lah n : the syllable naming the sixth (submediant) note of a major or minor scale in solmization [syn: la]
Etymology 1An anglicised spelling of la.
- alternative spelling of la
Etymology 2From the 了 (Pinyin: lè / là).
- In the context of "Singlish": Placed at the end of a sentence
- Don’t think so much lah!
Lithium aluminium hydride (LiAlH4), commonly abbreviated to LAH, is a reducing agent used in organic synthesis. It is more powerful than the related reagent sodium borohydride due to the weaker Al-H bond compared to the B-H bond. It will convert esters, carboxylic acids, and ketones into the corresponding alcohols; and amide, nitro, nitrile, imine, oxime, and azide compounds into the amines.
Availability and handlingLAH is a white solid but commercial samples are almost always grey due to contamination with traces of aluminium metal. This material can be purified by recrystallization from diethyl ether. Large-scale purifications employ a Soxhlet extractor. Commonly, the impure gray material is used in synthesis, since the impurities are innocuous and easily separated from the organic products. The pure material is pyrophoric. Some commercial materials contain mineral oil to inhibit reactions with atmospheric moisture, but more commonly it is packed in moisture-proof plastic sacks.
LAH violently reacts with water, including atmospheric moisture. The reaction proceeds according the following idealized equation:
- LiAlH4 + 4 H2O → LiOH + Al(OH)3 + 4 ↑H2
PreparationLAH was first prepared from the reaction between lithium hydride (LiH) and aluminium chloride:
- 4 LiH + AlCl3 → LiAlH4 + 3 LiCl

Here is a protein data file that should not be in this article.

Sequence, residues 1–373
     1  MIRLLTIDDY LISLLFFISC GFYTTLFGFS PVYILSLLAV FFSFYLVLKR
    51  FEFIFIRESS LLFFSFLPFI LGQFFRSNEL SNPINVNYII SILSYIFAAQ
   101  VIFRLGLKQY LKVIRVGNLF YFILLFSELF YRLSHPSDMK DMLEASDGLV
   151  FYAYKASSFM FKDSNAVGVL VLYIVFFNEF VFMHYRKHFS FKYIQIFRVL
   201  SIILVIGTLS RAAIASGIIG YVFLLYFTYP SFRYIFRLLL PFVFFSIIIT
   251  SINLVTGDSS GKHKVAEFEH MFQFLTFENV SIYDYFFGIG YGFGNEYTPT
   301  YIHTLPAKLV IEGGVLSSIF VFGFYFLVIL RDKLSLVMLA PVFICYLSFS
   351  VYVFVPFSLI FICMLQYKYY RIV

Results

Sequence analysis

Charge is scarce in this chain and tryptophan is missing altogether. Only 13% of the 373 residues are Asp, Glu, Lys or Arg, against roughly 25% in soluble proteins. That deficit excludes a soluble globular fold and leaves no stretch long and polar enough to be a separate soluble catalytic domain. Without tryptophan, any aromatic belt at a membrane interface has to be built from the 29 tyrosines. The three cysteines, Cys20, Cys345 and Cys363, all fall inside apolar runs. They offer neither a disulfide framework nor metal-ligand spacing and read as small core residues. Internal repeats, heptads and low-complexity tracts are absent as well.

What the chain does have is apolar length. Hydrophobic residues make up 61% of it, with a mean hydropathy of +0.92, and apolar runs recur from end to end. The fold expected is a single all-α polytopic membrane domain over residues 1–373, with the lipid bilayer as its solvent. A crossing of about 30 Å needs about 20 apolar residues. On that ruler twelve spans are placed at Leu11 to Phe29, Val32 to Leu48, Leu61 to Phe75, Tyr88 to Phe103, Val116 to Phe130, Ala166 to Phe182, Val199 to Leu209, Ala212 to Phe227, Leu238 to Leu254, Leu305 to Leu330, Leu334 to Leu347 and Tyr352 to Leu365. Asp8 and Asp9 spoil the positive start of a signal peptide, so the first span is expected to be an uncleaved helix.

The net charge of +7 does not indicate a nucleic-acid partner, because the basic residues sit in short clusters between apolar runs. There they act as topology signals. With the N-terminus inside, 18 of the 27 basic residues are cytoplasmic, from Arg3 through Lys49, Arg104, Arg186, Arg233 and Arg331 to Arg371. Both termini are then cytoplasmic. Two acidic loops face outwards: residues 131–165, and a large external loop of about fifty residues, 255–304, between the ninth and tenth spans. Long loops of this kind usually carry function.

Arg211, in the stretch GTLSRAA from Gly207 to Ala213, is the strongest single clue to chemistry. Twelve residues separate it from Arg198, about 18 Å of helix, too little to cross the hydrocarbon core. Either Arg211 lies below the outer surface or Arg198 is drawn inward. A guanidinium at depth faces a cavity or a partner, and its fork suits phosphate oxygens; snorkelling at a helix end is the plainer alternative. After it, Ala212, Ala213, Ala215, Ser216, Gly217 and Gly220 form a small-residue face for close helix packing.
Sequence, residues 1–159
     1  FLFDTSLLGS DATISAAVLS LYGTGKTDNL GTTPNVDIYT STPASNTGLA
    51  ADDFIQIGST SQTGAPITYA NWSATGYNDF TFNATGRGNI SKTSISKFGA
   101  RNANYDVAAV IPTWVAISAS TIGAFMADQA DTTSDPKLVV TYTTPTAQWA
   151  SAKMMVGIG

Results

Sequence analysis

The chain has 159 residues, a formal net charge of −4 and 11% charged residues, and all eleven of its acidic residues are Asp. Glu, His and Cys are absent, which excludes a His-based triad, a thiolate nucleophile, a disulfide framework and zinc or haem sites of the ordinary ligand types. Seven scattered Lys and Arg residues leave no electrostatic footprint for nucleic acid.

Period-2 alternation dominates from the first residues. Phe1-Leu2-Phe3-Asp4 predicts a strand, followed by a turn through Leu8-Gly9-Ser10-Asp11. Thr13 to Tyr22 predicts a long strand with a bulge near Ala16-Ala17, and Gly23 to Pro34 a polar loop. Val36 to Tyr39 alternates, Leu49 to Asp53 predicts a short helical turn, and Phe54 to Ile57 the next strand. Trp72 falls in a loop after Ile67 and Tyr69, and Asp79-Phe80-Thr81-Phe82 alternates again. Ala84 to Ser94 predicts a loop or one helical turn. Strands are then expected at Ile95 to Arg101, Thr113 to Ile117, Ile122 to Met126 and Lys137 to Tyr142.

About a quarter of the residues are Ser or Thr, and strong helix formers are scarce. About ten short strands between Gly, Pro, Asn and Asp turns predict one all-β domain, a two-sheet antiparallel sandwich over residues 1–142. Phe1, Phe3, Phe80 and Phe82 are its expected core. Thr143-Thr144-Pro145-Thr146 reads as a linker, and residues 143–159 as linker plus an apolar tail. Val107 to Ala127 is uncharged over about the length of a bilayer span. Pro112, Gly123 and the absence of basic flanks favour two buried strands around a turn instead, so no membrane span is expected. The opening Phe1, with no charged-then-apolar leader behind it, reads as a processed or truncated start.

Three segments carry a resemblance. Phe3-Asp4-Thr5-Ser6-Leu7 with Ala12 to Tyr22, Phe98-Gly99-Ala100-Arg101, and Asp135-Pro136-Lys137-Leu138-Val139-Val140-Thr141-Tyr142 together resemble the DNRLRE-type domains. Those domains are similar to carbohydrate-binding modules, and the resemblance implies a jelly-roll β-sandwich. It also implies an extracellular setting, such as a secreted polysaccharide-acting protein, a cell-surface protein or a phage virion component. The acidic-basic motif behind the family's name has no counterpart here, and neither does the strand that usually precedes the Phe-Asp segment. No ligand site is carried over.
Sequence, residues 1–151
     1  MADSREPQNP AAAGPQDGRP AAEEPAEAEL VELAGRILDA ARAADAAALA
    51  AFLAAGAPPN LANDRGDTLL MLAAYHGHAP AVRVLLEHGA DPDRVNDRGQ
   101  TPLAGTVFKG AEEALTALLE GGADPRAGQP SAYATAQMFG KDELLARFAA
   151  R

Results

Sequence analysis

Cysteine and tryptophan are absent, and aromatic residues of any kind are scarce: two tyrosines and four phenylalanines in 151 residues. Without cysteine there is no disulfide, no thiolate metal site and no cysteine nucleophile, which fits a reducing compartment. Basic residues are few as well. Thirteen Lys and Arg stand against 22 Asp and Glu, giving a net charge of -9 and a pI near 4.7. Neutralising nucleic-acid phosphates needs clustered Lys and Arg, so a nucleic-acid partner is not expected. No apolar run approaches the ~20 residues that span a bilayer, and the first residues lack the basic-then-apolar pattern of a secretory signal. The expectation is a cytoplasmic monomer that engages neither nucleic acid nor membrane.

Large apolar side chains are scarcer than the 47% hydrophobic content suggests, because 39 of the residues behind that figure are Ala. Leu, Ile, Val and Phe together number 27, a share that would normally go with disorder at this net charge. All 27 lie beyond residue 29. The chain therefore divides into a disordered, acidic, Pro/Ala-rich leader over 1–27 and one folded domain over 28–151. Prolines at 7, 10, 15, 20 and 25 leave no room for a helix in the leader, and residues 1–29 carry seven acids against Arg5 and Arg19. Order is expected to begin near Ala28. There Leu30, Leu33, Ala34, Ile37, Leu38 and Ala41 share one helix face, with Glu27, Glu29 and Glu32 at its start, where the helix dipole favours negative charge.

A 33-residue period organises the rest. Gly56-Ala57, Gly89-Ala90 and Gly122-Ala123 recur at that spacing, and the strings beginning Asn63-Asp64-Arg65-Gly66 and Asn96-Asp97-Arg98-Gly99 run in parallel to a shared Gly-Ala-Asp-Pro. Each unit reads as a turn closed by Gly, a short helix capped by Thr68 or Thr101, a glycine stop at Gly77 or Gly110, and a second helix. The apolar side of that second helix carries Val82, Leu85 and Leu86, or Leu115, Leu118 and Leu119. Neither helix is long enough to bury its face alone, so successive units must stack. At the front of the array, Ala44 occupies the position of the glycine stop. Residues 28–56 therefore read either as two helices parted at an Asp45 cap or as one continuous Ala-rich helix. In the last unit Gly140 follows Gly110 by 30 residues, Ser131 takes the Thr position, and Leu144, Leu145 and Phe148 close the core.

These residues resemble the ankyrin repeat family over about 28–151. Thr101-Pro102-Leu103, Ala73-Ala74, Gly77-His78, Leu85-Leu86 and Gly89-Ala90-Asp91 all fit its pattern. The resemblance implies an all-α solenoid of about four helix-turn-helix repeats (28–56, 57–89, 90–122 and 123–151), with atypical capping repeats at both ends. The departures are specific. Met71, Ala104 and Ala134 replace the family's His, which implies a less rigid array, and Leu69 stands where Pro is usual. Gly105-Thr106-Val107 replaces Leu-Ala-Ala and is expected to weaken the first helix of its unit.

- Na + Al + 2 H2 → NaAlH4
LAH is then prepared by metathesis reaction according to:
- NaAlH4 + LiCl → LiAlH4 + NaCl
which proceeds in a high yield of LAH. LiCl is removed by filtration from an ethereal solution of LAH, with subsequent precipitation of LAH to yield a product containing around 1% w/w LiCl. Despite handling problems associated with its reactivity, it is even used at the small-industrial scale, although for large scale reductions the related reagent sodium bis(2-methoxyethoxy)aluminium hydride, commonly known as Red-Al, is more often used. For such purposes it is usually used in solution in diethyl ether, and an aqueous workup is usually performed after the reduction in order to remove inorganic by-products.
LAH is most commonly used for the reduction of esters and carboxylic acids to primary alcohols; prior to the advent of LiAlH4 this was a difficult conversion involving sodium metal in boiling ethanol (the Bouveault-Blanc reduction). Aldehydes and ketones can also be reduced to alcohols by LAH, but this is usually done using milder reagents such as NaBH4. α,β-Unsaturated ketones are reduced to allylic alcohols. When epoxides are reduced using LAH, the reagent attacks the less hindered end of the epoxide, usually producing a secondary or tertiary alcohol. Epoxycyclohexanes are reduced to give axial alcohols preferentially.
rect 5 12 91 74 alcohol rect 82 178 170 240 epoxide rect 121 9 193 69 alcohol2 rect 337 1 414 60 alcohol3 rect 458 55 526 117 alcohol4 rect 170 151 234 210 aldehyde rect 141 259 207 279 nitrile rect 135 281 196 300 amide rect 128 311 204 366 amine1 rect 264 268 339 334 carboxylic acid rect 457 362 529 413 alcohol5 rect 381 255 433 273 azide rect 469 244 525 269 amine2 rect 321 193 401 242 ester rect 261 141 320 203 ketone
Using LAH, amines can be prepared by the reduction of amides,, oximes, nitriles, nitro compounds or alkyl azides.
Lithium aluminium hydride also reduces alkyl halides to alkanes, although this reaction is rarely employed. Alkyl iodides react the fastest, followed by alkyl bromides and then alkyl chlorides. Primary halides are the most reactive followed by secondary halides. Tertiary halides react only in certain cases.